Leave it to Iron Man star Robert Downey Jr. to stir up the hornet's nest again. After his movie opened huge in early May, it looked like Marvel's steel-plated superhero was destined to be the box office champ of the summer. Until, of course, The Dark Knight broke records with its gargantuan July debut, making DC's Caped Crusader the season's richest crimefighter.
In an interview with moviehole.net, Robert Downey Jr. shared his thoughts on the complex story of "The Dark Knight," and he left no doubt where his comic book loyalties lie:
"My whole thing is that I saw 'The Dark Knight'. I feel like I'm dumb because I feel like I don't get how many things that are so smart. It's like a Ferrari engine of storytelling and script writing and I'm like, 'That's not my idea of what I want to see in a movie.' I loved 'The Prestige' but didn't understand 'The Dark Knight'. Didn't get it, still can't tell you what happened in the movie, what happened to the character and in the end they need him to be a bad guy. I'm like, 'I get it. This is so high brow and so f'ing smart, I clearly need a college education to understand this movie.' You know what? F*** DC comics. That's all I have to say and that's where I'm really coming from." >> Read the full interview here.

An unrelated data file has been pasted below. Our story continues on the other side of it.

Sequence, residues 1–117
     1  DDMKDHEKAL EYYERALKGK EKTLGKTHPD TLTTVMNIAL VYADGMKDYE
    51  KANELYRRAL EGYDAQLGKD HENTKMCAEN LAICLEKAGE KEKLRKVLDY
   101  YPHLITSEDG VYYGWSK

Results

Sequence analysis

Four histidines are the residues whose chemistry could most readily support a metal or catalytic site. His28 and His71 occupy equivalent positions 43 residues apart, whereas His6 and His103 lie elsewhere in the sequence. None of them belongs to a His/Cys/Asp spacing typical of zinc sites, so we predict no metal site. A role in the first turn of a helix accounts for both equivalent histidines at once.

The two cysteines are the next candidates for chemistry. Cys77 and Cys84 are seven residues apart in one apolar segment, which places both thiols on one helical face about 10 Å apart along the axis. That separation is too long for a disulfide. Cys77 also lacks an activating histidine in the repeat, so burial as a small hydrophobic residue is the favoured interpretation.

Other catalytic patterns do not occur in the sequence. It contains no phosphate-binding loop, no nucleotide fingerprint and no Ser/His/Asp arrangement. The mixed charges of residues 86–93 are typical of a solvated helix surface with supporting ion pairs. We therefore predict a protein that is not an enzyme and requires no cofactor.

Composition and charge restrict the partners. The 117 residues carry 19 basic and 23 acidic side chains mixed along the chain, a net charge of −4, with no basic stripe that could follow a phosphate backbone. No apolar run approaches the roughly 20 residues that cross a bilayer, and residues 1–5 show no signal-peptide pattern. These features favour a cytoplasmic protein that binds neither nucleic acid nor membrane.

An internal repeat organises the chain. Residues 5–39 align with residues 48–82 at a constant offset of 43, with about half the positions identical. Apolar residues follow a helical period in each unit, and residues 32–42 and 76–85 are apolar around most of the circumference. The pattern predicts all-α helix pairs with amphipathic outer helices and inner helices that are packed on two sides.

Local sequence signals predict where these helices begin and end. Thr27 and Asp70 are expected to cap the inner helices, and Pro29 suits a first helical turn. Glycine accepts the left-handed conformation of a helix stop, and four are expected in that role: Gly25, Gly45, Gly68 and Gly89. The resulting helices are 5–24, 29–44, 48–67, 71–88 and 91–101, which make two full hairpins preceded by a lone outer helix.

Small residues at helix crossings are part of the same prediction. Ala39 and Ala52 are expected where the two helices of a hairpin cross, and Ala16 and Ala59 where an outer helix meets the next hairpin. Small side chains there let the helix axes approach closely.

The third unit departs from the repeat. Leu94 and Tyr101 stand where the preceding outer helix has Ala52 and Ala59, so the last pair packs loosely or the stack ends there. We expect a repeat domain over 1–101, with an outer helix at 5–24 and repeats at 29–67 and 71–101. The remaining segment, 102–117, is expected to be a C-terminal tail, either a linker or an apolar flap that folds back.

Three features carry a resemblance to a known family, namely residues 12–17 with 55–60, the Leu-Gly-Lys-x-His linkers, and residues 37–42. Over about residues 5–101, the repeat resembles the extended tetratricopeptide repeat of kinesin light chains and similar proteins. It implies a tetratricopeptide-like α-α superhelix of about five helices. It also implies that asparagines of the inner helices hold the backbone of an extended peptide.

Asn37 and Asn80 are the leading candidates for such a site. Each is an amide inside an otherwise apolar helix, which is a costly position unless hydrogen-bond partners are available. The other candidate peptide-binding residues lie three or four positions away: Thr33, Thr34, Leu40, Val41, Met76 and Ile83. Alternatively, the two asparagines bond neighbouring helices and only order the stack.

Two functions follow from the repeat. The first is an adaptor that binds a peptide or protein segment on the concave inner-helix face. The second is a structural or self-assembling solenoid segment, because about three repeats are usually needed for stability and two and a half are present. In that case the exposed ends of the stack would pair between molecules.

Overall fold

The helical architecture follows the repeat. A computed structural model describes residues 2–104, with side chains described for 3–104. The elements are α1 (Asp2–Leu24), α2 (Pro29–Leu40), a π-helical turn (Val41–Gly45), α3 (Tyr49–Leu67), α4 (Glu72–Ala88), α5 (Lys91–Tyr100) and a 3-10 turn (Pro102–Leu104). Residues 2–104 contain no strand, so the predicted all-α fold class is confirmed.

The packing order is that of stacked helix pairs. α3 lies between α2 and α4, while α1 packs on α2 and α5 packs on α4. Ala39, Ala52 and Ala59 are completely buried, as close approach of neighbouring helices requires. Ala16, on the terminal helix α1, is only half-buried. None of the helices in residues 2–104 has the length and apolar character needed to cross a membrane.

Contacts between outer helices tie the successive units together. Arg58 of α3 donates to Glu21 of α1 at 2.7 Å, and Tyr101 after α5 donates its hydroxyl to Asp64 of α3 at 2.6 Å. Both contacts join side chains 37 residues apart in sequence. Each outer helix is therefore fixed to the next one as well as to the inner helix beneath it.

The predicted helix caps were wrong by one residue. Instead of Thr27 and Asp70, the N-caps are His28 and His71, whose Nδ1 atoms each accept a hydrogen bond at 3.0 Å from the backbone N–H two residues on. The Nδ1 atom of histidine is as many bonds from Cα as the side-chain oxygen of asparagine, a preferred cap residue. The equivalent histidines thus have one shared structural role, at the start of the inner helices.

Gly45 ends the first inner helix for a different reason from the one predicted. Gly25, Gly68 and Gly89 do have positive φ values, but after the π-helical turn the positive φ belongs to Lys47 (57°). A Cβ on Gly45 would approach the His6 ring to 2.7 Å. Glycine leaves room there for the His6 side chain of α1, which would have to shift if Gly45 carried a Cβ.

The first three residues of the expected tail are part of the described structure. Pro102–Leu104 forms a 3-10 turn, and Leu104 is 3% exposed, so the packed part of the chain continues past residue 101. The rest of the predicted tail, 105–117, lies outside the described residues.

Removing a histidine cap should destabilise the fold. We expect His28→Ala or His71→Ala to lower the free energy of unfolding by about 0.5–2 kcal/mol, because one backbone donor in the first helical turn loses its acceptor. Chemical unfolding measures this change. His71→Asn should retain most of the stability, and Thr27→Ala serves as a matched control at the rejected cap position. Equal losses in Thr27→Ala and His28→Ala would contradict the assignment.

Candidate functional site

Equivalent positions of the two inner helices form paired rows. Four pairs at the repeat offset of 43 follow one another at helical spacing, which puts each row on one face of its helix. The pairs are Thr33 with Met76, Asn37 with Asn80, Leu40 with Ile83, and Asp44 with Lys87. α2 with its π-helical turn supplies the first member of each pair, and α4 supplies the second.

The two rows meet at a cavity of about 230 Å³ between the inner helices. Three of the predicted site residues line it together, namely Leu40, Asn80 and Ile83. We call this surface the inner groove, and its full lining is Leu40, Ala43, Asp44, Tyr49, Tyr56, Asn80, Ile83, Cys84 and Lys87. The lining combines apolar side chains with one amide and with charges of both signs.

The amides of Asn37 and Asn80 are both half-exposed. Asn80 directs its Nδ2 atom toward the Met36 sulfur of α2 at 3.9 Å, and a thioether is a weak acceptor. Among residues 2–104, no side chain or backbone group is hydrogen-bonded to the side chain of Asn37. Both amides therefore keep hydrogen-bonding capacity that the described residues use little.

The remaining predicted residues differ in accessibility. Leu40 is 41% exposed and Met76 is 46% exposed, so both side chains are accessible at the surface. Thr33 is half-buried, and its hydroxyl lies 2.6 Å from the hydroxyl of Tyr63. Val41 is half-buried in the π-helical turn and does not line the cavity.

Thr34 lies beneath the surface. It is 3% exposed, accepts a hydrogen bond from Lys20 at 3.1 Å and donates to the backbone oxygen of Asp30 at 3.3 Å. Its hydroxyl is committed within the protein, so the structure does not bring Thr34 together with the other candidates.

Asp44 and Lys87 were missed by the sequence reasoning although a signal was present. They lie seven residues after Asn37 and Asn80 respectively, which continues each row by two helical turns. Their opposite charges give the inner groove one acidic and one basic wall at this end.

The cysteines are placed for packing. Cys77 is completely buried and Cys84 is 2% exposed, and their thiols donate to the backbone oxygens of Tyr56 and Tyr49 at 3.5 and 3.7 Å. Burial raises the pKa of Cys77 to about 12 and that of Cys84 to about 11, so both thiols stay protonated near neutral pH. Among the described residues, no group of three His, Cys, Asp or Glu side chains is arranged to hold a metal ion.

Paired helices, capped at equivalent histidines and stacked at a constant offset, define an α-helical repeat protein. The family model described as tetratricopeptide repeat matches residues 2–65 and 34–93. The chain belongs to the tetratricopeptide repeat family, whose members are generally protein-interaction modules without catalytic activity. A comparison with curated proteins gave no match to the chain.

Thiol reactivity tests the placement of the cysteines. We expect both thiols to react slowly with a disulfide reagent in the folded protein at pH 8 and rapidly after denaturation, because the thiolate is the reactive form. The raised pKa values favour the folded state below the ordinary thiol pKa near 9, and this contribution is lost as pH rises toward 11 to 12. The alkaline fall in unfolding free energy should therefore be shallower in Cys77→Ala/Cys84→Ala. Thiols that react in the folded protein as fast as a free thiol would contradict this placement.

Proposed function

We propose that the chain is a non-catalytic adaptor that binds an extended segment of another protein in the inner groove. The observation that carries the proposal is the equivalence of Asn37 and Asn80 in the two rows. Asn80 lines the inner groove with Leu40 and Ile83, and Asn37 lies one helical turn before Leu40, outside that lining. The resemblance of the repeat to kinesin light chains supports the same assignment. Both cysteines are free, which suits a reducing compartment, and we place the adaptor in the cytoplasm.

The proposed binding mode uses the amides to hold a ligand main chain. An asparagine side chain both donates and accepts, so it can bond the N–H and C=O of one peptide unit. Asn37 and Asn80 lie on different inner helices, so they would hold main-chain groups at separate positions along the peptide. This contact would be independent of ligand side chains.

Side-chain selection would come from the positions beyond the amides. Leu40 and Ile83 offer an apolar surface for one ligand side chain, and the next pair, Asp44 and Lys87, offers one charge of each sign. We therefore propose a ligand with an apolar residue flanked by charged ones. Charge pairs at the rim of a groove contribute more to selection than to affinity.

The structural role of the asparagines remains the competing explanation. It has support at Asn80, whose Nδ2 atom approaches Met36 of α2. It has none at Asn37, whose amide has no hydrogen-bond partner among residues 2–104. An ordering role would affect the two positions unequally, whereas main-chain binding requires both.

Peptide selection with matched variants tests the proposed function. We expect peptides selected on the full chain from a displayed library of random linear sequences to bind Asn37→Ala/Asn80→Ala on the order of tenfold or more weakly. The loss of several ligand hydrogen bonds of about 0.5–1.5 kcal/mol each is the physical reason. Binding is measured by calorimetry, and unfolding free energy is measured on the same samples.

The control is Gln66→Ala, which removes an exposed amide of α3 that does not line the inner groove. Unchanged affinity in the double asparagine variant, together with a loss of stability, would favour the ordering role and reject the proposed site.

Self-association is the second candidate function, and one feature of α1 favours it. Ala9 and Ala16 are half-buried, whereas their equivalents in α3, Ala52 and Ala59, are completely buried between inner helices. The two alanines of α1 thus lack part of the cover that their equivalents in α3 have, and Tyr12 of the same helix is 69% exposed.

Downey will have the chance to show his devotion to Marvel Comics again, with production on "Iron Man 2" starting soon. It's scheduled to hit theaters in the summer of 2010.
Vin Diesel Whips Out His Riddick +2 Sequel Sword
Vin Diesel spoke with MTV about he and Director David Twohy working on two more Riddick sequels: